03/14/2008 06:05 pm ET Updated Nov 17, 2011

In Praise Of The People Behind The Numbers

A note showed up in my e-mail the other day. It was from somebody who - well, let's just say he is not a fan.

He pointed out the published results of a 20 year study at Sweden's Uppsala University that showed active and regular engagement with father figures benefits children.

The fact that he shared that study with me - and so many writers covered it - tells me that we are still ensnared in the either/or arguments about preferred and lesser families - where parents are judged less by what they put into the job, but the numerical correctness they bring to it.

The back story - and the reason I received the e-mail - is that in 2005, I published a book called Raising Boys Without Men - How Maverick Moms Are Creating the Next Generation of Exceptional Men.

I wrote the book, in part, because I grew up without a father, sparking a lifelong interest in family dynamics. I also wrote in hopes that my research would shed some beneficial light on the essential wellness of nontraditional family structures that the defenders of the traditional structures are so quick to dismiss.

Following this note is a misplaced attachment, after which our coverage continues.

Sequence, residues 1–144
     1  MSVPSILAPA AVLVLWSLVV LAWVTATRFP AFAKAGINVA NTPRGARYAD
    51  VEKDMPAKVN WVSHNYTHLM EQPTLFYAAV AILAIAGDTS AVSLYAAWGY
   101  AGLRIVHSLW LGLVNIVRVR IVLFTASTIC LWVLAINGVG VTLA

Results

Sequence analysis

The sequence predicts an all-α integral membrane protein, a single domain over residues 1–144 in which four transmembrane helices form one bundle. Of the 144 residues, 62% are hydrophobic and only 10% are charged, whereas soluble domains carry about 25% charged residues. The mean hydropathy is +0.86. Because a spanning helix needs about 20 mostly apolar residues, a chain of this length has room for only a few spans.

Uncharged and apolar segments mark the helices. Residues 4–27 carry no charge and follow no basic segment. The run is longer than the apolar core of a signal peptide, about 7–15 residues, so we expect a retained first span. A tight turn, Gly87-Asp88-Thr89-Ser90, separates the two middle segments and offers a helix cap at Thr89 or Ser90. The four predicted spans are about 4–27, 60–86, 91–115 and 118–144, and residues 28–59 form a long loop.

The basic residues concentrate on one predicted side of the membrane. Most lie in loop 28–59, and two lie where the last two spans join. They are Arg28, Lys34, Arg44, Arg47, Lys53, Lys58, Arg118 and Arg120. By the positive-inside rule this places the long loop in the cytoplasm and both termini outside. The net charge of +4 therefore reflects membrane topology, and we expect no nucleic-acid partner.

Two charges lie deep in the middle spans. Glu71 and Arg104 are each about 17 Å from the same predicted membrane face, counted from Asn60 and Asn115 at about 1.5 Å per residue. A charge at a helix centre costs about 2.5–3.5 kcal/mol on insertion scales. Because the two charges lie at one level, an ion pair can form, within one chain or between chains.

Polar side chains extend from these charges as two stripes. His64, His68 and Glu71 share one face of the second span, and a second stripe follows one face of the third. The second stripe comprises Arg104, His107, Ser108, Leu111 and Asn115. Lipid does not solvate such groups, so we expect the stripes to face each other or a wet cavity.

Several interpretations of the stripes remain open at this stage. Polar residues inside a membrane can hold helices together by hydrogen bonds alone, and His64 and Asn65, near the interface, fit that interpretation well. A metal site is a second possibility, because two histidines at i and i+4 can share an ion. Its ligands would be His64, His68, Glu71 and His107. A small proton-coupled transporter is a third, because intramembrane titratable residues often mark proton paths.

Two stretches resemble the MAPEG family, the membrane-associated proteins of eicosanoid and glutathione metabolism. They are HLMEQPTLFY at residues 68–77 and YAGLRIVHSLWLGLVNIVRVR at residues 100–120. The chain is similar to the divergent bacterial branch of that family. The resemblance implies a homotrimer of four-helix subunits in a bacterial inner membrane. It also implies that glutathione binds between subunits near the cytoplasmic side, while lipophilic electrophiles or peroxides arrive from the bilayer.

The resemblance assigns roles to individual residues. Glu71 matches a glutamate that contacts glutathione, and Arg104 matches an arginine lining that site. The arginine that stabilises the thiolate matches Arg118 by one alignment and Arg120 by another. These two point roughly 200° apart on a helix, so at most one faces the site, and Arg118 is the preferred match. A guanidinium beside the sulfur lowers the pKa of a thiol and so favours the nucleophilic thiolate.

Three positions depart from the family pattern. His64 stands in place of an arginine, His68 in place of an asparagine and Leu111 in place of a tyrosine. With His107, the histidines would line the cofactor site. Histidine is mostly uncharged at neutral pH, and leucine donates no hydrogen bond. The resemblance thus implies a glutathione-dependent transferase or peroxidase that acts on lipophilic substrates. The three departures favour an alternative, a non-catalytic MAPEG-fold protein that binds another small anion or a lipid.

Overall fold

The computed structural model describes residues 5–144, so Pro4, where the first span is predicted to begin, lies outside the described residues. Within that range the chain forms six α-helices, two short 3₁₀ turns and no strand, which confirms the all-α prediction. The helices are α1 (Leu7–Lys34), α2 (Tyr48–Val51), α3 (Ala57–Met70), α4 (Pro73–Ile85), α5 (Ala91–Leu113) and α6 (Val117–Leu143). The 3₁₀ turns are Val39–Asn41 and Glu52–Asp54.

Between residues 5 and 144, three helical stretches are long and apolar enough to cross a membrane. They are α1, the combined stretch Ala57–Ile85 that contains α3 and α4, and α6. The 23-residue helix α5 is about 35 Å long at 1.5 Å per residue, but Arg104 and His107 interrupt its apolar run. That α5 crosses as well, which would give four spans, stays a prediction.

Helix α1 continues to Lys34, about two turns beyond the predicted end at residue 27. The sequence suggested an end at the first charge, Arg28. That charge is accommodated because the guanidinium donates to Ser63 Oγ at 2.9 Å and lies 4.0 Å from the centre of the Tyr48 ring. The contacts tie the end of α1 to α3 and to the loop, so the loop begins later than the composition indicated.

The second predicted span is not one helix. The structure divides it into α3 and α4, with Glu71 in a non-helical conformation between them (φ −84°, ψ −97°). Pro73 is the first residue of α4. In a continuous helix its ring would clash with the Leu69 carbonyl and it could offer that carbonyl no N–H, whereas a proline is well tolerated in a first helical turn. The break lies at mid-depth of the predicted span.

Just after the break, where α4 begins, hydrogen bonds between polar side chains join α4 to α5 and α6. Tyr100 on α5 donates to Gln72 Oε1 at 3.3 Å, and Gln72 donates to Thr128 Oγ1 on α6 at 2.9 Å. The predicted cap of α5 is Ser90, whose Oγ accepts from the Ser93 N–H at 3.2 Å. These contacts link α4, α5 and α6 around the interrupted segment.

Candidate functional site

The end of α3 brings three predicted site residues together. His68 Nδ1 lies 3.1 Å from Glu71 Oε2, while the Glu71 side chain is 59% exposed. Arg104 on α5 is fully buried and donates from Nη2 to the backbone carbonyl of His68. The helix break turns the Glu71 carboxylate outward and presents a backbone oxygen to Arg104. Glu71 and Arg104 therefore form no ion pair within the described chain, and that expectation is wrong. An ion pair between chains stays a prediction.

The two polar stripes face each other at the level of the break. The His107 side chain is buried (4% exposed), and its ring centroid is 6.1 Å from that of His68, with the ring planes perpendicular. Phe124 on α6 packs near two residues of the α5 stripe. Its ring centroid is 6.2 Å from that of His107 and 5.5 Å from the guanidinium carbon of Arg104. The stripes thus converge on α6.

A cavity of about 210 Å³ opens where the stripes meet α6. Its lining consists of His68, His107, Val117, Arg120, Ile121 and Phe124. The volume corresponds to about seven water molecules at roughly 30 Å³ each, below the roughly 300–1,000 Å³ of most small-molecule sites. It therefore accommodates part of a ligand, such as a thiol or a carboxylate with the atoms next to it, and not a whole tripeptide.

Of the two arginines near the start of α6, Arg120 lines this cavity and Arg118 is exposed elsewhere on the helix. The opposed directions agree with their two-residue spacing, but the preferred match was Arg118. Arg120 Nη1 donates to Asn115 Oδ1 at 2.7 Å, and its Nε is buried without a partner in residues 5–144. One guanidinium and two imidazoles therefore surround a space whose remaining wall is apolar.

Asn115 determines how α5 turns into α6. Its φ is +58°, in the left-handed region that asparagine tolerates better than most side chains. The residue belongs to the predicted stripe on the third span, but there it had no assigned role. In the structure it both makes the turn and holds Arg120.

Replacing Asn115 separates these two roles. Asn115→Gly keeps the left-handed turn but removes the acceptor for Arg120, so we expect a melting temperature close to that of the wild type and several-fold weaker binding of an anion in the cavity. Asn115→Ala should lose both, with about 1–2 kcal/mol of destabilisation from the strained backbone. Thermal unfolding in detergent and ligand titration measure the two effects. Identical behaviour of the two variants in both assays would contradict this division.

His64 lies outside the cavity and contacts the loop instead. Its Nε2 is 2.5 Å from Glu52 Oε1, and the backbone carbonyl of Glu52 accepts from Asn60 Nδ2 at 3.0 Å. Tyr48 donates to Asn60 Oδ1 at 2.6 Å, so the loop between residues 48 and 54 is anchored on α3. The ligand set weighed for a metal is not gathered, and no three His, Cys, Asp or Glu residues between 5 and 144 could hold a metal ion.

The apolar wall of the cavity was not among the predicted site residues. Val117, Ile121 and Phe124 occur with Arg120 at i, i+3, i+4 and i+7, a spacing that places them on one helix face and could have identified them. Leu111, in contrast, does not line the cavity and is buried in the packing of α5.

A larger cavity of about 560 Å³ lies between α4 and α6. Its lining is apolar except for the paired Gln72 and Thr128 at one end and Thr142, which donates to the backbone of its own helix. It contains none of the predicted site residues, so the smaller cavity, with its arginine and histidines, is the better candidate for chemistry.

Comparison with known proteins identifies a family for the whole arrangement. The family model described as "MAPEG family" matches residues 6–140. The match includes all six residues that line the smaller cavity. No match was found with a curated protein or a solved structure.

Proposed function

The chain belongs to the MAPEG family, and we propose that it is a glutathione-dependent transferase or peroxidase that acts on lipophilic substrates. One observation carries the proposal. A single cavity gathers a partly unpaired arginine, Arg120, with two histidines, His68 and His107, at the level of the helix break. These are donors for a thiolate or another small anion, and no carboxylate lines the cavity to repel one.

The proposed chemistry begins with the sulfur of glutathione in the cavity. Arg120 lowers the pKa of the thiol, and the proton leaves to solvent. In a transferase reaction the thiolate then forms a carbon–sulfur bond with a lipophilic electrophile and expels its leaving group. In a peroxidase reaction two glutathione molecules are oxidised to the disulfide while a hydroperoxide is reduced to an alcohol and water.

When the book came out, I was called an "abomination," a "misguided liberal zealot", a "dunce", a "femi-Nazi" and invited to "do us Americans a favor and move to Europe." My new e-mail pal was comparatively mild - simply pointing out my naivete and bias.

Then and now, and unfortunately for some time to come, we are prone to seizing on big numbers to apply judgment on individual lives.

The question is: why?

Will seizing on studies as proof of the rightness of two parent families mean fewer one parent families? Will it mean fewer same sex parent families?

To those who see the decline of the traditional families contributing to smaller and smaller circles as our society goes down the drain, some recent numbers might ease your angst.

A recent Census study shows that seven in ten children live with two parents, two-thirds live with married parents and six in 10 live with biological parents.

Even better news for those who like to stamp family structures as "approved" or "denied," is that the rise in single parent families since late 60s appears to have leveled off in the 90s.

So maybe we're not all going to hell after all.

But what about the three in 10 children who do live with a single parent? What about the 2.1 million single fathers heading households? What about the 65,000 adopted children being raised gay parents?

Are they, by definition, parentally-challenged?

Pick an argument, and there will be statistics somewhere to support it. But let's remember, behind the numbers, behind the trends, and between the battlements on the left and right are people just trying to live their lives.